Several prominent economists are criticizing lawmaker plans to slash funding for the agency that collects economic statistics, saying it could undermine the “gold standard” for economic data.
In a letter sent to Congress, 63 economists from across the political spectrum said proposed cuts would hamper the Bureau of Labor Statistics (BLS), whose reports provide critical economic insight relied on by key government agencies and major businesses worldwide.
“The very nature of work in the U.S. economy is changing,” the economists wrote. “Now is not the time to cut funding for the main institution charged with tracking these changes.”
The letter, helmed by the Economic Innovation Group, was signed by several prominent economists from the left and the right. Among the signers were Austan Goolsbee, former head of the Council of Economic Advisers under President Obama, and Glenn Hubbard, the Columbia University economist that was a strong candidate to serve as Fed Chairman had Republican presidential nominee Mitt Romney won the 2012 presidential election.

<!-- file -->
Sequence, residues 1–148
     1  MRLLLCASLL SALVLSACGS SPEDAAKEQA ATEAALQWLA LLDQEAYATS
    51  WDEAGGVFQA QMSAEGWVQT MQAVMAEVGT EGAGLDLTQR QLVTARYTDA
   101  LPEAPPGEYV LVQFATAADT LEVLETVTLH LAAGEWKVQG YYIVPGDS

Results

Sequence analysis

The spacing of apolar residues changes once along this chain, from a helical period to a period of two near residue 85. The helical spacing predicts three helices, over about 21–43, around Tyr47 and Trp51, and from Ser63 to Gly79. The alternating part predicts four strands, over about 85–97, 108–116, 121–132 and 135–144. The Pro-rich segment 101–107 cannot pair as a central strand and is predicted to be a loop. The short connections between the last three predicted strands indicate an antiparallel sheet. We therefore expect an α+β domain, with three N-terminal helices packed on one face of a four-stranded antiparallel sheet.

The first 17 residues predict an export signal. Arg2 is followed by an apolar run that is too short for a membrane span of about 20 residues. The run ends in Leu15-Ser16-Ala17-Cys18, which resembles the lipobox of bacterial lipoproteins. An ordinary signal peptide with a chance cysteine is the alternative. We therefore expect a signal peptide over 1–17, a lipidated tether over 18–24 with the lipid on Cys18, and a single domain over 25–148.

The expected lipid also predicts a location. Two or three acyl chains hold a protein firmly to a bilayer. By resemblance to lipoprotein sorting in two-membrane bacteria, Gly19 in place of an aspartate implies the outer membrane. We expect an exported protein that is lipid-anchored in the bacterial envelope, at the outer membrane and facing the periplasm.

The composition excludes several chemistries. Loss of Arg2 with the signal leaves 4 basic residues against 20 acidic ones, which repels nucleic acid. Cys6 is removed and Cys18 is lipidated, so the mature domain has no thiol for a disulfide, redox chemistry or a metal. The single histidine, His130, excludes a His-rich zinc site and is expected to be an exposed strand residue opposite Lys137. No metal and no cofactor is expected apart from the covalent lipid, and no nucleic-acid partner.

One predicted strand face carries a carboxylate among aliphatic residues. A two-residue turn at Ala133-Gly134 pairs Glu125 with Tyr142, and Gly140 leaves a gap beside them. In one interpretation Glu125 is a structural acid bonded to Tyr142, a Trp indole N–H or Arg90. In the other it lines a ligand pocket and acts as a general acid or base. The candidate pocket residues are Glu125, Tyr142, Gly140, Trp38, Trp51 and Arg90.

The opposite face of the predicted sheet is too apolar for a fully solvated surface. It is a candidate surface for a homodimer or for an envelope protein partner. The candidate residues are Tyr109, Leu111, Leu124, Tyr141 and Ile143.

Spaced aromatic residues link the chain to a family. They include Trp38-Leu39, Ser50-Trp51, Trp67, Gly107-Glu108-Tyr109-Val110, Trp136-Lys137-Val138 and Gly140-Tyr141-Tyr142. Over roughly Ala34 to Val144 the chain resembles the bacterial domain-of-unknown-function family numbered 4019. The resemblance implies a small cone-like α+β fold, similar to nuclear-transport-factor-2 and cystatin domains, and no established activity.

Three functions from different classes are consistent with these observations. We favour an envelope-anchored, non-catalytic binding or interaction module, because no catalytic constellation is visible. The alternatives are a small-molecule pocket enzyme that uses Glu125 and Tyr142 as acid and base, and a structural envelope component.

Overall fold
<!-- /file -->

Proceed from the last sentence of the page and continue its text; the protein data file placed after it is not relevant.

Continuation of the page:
Specifically, the group is pushing back against a Senate appropriations package that proposes cutting funding for the BLS to $515 million from its 2015 level of $527 million. The White House pushed for a significant increase for the agency, to $567 million, in its most recent budget.
House appropriations legislation would boost BLS funding to $544 million, but the economists said that amount would still come up well short of necessary funding, especially after the agency faced funding shortfalls for the last five years.
The BLS puts together the official government reports on the economy, most notably the monthly jobs report that sets the nation’s unemployment rate.
The economists argued that, now more than ever, the agency needs robust funding given the transitional phase of the U.S. economy. The rise of technology, globalization and employment trends brought on by the “gig” economy require a keen government eye to help policymakers, they said.
And while there are some private sector reports, like a monthly jobs report from the payroll company ADP, those reports are more narrow and still are benchmarked against government findings. Only the BLS has the mandate and ability to gather the data necessary to paint a clear picture of the overall labor market, the economists wrote.